The headline was sensational: “’Horns’ are growing on young people’s skulls. Phone use is to blame, research suggests.”
As the story went viral, social media exploded in reaction – a heated debate raged on whether the study was accurate – and even Snopes.com, a myth debunking website, weighed in, labeling the claim, “Unproven.”
It may require further research to truly determine if children are indeed sprouting spikes at the bases of their skulls from staring down at their cellphones, but the frenzied media coverage does raise a fair point: How is prolonged screen time affecting children?
“We live in a digital world now and we can’t bury our heads in the sand and pretend that screen time isn’t a fact of life for today’s kids,” said Dr. Peter Jung, pediatrician and co-founder of Blue Fish Pediatrics in association with Children’s Memorial Hermann. “But I do believe that parents can help their children strike a healthy balance with devices and help them learn how to use technology in a beneficial manner.”
Smartphones and tablets have become ubiquitous in society and children as young as toddlers can be found staring at screens from their perch in high chairs at restaurants. By middle school, many children have cellphones that they tote along to school every day in their backpacks. The explosion of popularity of such digital devices has largely outpaced the scientific research on their health impacts, especially among young people, but more and more studies are trickling out and suggesting that excessive screen time may be hurting kids in more ways than we know.
One study, based on data from the Adolescent Brain Cognitive Development (ABCD) study, found that children’s brains were actually being altered by spending too much time on their devices. Scientists actually detected differences on the MRI scans of the brains in children who received more than seven hours per day of screen time on their phones – and even those who spent only two hours on their devices logged poorer scores on certain tests.
Still, other studies have suggested that the impact of screen time may extend beyond the brain, leading to physical effects – like increased obesity – or inhibiting a child’s ability to get enough sleep.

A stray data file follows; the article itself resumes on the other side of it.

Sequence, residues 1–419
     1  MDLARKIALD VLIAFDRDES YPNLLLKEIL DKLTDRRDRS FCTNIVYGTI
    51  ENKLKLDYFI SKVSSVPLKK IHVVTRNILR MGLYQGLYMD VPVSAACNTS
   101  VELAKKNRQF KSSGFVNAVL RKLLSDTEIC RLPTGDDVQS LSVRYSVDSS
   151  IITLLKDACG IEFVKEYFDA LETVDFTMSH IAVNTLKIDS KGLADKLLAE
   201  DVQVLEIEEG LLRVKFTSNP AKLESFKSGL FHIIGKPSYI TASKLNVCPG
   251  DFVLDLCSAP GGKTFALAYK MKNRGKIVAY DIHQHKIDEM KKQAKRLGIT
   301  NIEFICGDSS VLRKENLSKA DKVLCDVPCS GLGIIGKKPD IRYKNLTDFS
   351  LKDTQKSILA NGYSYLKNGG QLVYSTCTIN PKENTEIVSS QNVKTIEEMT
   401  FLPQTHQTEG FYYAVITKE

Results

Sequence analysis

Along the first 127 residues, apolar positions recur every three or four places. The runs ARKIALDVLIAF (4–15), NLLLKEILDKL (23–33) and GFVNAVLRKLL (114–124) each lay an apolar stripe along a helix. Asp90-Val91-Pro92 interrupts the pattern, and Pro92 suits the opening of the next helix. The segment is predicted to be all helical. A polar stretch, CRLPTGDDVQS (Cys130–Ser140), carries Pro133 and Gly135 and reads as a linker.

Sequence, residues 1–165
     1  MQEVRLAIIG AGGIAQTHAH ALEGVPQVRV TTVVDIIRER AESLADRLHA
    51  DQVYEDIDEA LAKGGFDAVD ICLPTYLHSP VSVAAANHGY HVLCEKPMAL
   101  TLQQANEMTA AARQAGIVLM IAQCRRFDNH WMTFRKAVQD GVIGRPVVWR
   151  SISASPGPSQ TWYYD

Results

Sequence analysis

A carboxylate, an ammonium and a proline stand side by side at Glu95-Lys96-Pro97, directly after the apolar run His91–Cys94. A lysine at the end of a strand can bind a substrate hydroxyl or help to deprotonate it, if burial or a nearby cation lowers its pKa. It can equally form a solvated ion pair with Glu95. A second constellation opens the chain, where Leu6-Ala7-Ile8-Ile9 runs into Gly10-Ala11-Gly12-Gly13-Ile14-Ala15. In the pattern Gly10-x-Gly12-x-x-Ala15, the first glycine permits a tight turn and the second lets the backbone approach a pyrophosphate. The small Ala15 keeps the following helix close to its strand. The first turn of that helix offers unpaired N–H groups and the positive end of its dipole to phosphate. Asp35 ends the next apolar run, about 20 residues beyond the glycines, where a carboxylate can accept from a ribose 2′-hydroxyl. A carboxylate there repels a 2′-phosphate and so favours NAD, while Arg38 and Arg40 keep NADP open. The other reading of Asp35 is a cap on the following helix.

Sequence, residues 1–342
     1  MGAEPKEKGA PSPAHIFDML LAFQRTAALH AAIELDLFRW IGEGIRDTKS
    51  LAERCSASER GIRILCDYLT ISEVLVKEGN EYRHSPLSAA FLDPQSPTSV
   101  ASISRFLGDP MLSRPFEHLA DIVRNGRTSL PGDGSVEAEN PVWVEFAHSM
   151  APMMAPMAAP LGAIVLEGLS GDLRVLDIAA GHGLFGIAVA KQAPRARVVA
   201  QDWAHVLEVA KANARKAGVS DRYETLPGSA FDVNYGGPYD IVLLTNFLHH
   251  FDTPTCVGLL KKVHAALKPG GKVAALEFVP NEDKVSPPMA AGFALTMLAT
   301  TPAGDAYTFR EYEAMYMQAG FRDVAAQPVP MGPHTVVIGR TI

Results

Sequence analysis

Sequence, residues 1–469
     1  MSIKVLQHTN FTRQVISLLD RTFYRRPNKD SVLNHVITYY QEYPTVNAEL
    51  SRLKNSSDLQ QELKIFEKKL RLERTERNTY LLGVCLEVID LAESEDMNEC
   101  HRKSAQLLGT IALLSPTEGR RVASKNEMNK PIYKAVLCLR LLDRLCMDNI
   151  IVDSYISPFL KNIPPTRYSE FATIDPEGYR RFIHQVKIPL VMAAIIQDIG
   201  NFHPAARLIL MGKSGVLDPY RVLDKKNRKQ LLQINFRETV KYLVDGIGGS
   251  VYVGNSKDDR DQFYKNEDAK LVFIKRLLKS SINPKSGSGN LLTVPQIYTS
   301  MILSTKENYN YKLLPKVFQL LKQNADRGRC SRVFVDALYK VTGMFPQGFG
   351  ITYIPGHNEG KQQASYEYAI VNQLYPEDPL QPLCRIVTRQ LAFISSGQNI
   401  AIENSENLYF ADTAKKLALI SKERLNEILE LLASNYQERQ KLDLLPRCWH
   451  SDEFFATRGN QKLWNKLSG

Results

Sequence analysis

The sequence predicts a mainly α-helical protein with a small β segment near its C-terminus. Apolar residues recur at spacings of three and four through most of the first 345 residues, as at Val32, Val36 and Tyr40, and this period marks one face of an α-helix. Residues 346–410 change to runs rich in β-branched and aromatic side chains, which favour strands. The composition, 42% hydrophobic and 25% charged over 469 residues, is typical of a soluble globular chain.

Three years ago, the American Academy of Pediatrics (AAP) made waves when they issued a new set of recommendations, advising parents to limit screen time to only one hour per day for children between the ages of 2 and 5, and to keep screens away altogether from children under the age of 18 months.
For children 6 and older, the AAP recommends taking a measured approach and setting limits to ensure that children get enough sleep and physical activity.
“Cellphones and other devices are a reality for today’s children, whether we like it or not, so I encourage parents to address the issue head on and make sure that their children are using devices responsibly,” Dr. Jung said. “But it’s not enough for us to simply set expectations for our kids. We, too, need to be good role models when it comes to technology usage.”
In order to develop healthy electronic habits, Dr. Jung said he encourages parents to talk to their children regularly about the proper use of cellphones and tablets, carving out times – like family meals and in bedrooms – where phones and other devices aren’t allowed, and interacting with their kids instead of staring at their own screens.
“Go for a walk with your kids, break out a jigsaw puzzle or a board game, or dedicate dinner time to conversation – you’ll find that it not only helps limit some of that unnecessary screen time, but it may also draw you closer together as a family,” Dr. Jung said.